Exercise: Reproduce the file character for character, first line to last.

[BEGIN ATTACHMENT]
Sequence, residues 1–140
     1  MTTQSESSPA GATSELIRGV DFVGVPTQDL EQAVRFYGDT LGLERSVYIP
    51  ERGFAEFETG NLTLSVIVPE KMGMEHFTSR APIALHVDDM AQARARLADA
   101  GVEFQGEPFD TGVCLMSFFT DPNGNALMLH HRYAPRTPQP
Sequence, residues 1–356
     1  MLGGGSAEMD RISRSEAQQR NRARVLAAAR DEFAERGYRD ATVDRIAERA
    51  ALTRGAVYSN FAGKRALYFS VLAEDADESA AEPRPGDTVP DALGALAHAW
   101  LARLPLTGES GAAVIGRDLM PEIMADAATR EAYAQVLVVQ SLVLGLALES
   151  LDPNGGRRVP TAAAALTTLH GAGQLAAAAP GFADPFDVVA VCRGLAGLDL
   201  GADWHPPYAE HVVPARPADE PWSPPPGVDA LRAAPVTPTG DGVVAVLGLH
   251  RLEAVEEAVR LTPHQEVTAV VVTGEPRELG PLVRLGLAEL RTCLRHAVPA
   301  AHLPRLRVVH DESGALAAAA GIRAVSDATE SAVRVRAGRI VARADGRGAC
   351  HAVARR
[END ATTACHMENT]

Sequence, residues 1–140
     1  MTTQSESSPA GATSELIRGV DFVGVPTQDL EQAVRFYGDT LGLERSVYIP
    51  ERGFAEFETG NLTLSVIVPE KMGMEHFTSR APIALHVDDM AQARARLADA
   101  GVEFQGEPFD TGVCLMSFFT DPNGNALMLH HRYAPRTPQP
Sequence, residues 1–356
     1  MLGGGSAEMD RISRSEAQQR NRARVLAAAR DEFAERGYRD ATVDRIAERA
    51  ALTRGAVYSN FAGKRALYFS VLAEDADESA AEPRPGDTVP DALGALAHAW
   101  LARLPLTGES GAAVIGRDLM PEIMADAATR EAYAQVLVVQ SLVLGLALES
   151  LDPNGGRRVP TAAAALTTLH GAGQLAAAAP GFADPFDVVA VCRGLAGLDL
   201  GADWHPPYAE HVVPARPADE PWSPPPGVDA LRAAPVTPTG DGVVAVLGLH
   251  RLEAVEEAVR LTPHQEVTAV VVTGEPRELG PLVRLGLAEL RTCLRHAVPA
   301  AHLPRLRVVH DESGALAAAA GIRAVSDATE SAVRVRAGRI VARADGRGAC
   351  HAVARR